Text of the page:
If you are a non-resident of Manila and are thinking about going there and about, you can take a look at my post about the Metro Star Rail System in my new blog, Manila and Beyond. Click on the link HERE!

Monday, March 22, 2010

A Family Visit

It was a very hot Friday afternoon when we arrived at my father's and aunt's place somewhere in a province north of Metro Manila.

These are anticipated visits for me: this is the place where I used to spend my summers every year as a child.

Much has changed indeed, but I still feel that this is one of the many homes of my life, and this is one of my most remembered places of abode.

I certainly miss the warm afternoon sun permeating through the large windows.

And for some reason, it feels a lot better now, than before, to be here.

My aunt and sister: two beautiful and strong women, in so many ways.

(Like I always say, friends may come and go, and at the end of the day one always finds himself going back to his family....)

Wednesday, March 17, 2010

New Blog: Manila And Beyond


After several months of deliberation I have finally decided to start a blog called Manila and Beyond.

You can read my introduction HERE.

The blogsite is a little bare as of yet, but I will add to it quickly in the next few weeks or so. But ideas have been pouring in, both from my own experiences as well as some of my friends who are excited to help me with this project.

I am giving credit to a good friend Hilboy of Bisikleta Productions for my banner. He is one of my preferred graphics artists whenever we have to produce posters and similar needs, specifically for gigs. Check out his Bisikleta Production blogsite here.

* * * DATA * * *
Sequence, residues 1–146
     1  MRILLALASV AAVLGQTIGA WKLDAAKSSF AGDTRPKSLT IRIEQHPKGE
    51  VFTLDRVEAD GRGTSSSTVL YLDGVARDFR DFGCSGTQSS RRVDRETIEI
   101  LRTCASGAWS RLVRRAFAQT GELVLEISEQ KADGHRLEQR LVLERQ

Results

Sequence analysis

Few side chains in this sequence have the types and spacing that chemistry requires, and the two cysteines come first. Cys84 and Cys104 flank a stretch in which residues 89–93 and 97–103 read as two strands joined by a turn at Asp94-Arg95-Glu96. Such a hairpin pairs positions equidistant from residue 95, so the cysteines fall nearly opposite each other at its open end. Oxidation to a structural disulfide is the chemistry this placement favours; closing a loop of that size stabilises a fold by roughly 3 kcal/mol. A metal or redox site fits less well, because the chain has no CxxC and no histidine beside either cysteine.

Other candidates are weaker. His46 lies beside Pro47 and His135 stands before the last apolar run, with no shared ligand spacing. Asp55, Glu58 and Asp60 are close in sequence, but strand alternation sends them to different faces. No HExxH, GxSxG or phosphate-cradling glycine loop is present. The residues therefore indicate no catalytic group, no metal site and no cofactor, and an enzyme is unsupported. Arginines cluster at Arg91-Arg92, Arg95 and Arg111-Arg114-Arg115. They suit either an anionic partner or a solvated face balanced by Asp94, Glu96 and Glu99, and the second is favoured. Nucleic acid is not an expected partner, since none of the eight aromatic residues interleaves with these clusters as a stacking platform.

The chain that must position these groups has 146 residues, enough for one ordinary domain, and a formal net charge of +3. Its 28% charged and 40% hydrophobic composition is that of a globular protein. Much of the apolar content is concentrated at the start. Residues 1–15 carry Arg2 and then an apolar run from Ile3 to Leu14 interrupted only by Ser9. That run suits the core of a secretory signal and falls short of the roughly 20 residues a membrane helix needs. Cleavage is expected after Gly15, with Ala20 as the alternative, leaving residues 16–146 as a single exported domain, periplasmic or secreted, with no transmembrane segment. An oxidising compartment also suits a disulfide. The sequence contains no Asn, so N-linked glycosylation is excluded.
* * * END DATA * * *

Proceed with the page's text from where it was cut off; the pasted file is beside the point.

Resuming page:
Again, I would love to have you guys join me. I think it is true that writing should be, more than anything else, an expression of oneself, a release, but it definitely gives the writer joy when he/she knows that some people are reading his/her works and are actually finding them enjoyable and helpful.

The road trip will not always be smooth, but it is the lessons that are picked up along the way that makes a worthy, memorable trip.

So, hop right in with me if you dare. :)

Thursday, March 11, 2010

Tim Burton's Alice In Wonderland

"Sometimes I've believed as many as six impossible things before breakfast. " - Alice Kingsley (probably my most favorite line in the movie)

Alice In Wonderland is currently being shown here in Manila. Just a few blocks away from my place is a quiet mall with a moviehouse showing Tim Burton's new film on 3D. Cool, I thought on a not-so-busy Wednesday afternoon (wait, that was yesterday, I lost my sense of time there, sounds familiar?), I am going to relax and see it. It is, after all, The Alice In Wonderland, directed by The Tim Burton.

I would not want to do a "review" in its strictest sense. While I certainly love watching movies, I do not profess to be as knowledgeable about it as compared to, for example, music. I do say, however, that I have a keen interest in Tim Burton's works which are dark and intriguing.